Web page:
In our recent webinar with Skilljar’s Head of Product Marketing, Linda Schwaber-Cohen, we explored the mechanisms for securing training budget by way of demonstrating ROI.
Three Levers of Customer Education ROI
When it comes to demonstrating the value and impact of training (with the goal of getting or increasing budget), there are three key levers to consider:
- Revenue generation: are you charging for training? If so, are you generating enough revenue to offset your costs, completely cover your costs, or make a profit?
- Cost reduction: How are you using training to reduce business costs like the time invested in support ticket requests or enable greater Customer Success capacity?
- Impact on key business metrics: What impact does training have on metrics like customer retention, product adoption, customer satisfaction, etc.?
Each of the levers can help you demonstrate ROI, but only if they are regularly shared with stakeholders and executives. While there is no single “right” frequency or way to share these metrics, more than 70% of webinar attendees indicated they share their results on a monthly or quarterly basis with key stakeholders.
For a more in-depth look at each of these levers, you can check out the webinar on-demand right here.
Elements of a Great Proposal
There are 3 components that every proposal should include: business objective, metrics, and measurement milestones. The following questions will help you parse out each of those components:
- What business problem(s) are you addressing? In other words, what problems will your training program solve and why is education the best route to that solution?
- Example: Accelerate customer onboarding
- How will you measure success? What metric(s) will be used to indicate progress?
- Example: Time to launch
- How often are you going to measure progress?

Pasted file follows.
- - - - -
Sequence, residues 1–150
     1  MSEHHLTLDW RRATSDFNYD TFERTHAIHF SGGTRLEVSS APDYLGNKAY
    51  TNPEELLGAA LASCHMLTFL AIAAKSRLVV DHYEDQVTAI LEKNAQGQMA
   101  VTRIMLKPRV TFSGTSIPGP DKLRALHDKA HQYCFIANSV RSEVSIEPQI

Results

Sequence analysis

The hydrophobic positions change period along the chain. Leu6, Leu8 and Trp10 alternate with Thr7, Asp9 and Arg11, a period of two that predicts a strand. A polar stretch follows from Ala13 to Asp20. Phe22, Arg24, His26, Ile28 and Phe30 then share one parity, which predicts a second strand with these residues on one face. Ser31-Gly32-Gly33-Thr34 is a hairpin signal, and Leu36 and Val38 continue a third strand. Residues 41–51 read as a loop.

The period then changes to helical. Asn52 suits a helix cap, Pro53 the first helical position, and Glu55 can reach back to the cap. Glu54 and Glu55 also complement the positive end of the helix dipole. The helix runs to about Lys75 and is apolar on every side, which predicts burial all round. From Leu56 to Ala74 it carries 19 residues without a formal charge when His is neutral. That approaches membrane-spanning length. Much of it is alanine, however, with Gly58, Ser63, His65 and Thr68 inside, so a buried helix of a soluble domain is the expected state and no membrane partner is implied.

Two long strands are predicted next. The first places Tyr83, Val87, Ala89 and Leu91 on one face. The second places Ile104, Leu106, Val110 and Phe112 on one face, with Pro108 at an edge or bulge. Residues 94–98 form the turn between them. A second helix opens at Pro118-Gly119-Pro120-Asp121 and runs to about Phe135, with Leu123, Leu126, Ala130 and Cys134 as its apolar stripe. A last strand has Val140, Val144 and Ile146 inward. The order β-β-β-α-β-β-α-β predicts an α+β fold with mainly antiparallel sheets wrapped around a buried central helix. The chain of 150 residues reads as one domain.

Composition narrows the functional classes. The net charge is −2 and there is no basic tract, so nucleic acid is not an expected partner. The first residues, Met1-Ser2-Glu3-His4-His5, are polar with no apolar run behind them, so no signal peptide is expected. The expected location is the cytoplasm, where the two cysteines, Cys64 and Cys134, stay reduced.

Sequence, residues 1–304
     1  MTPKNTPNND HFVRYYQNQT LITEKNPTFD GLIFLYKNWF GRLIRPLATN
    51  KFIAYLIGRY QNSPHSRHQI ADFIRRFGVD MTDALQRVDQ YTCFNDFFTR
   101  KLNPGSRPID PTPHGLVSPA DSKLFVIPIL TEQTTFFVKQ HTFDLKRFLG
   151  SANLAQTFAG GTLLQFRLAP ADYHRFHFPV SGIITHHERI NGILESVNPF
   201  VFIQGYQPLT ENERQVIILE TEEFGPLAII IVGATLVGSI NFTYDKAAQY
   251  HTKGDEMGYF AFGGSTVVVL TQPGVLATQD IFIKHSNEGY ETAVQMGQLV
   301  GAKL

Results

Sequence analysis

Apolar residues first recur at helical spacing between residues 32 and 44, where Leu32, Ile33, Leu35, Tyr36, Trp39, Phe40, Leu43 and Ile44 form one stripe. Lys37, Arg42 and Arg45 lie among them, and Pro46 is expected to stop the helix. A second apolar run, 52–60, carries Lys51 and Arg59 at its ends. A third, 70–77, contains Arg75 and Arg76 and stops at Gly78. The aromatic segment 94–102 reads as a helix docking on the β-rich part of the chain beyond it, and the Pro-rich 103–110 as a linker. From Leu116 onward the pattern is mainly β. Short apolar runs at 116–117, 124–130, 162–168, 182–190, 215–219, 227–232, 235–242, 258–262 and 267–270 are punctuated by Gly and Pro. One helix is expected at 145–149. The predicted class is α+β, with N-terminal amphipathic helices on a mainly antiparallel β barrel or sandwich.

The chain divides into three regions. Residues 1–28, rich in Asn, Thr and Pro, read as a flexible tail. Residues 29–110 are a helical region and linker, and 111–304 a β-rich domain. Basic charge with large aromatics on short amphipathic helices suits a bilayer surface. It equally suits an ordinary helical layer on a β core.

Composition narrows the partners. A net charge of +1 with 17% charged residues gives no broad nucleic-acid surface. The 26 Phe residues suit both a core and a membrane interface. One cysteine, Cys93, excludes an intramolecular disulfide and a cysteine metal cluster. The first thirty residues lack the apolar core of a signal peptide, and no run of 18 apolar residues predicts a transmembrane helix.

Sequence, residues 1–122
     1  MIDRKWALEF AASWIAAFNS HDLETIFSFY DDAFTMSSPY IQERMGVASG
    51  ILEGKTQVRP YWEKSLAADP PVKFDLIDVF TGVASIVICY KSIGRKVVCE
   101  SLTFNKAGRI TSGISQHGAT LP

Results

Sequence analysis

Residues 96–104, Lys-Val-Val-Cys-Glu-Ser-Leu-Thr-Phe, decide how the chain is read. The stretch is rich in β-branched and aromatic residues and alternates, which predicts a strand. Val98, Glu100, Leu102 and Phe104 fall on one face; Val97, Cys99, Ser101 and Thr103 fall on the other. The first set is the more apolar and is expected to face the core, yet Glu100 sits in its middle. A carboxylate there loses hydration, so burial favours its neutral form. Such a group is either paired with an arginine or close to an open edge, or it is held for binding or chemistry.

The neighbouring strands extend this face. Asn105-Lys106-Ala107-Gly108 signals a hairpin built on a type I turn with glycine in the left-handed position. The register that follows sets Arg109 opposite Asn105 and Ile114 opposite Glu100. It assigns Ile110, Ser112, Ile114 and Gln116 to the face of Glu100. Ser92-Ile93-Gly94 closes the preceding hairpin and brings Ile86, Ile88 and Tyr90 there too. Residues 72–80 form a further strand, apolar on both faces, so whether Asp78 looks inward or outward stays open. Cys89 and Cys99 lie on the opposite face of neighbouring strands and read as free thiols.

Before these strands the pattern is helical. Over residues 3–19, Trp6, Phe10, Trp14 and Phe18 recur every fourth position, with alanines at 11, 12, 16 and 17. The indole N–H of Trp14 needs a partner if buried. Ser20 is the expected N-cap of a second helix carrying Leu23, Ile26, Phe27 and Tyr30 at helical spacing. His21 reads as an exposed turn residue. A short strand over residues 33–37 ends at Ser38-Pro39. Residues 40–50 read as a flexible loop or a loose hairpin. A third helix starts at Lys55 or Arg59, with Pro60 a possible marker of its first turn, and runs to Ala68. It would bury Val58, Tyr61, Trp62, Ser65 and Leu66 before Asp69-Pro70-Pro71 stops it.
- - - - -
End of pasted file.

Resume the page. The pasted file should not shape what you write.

- Example: Quarterly
In addition to these elements, it’s also critical that you develop and socialize a plan, especially for the first 30/60/90 days. The plan should include your specific initiative(s), a timeline, a sense of the content you are going to create (and any resources for that development), and what your goal is for each initiative. Be sure to also establish who are the key stakeholders and what input they can/should have in the plan. This includes other teams like Customer Success, Product, Support, and/or other SMEs. By including them early on and integrating their input, you’re not only getting their buy-in, you’re also ensuring that the initiative truly meets your customers’ needs.
3 Tips for Creating a Great Proposal
As you turn towards creating your own proposal, Linda shared a number of tactical tips to keep in mind:
- Be succinct – write an executive summary
- Over prepare – anticipate the questions you might be asked
- Draw on past achievements – showcase where you’ve already seen success
It’s also important to keep in mind nice-to-haves vs. need-to-haves. Your company may not have the budget to build a mansion right now, but perhaps you can work together and pitch a tent. Thinking about how you can start small, demonstrate success, and build upwards from there.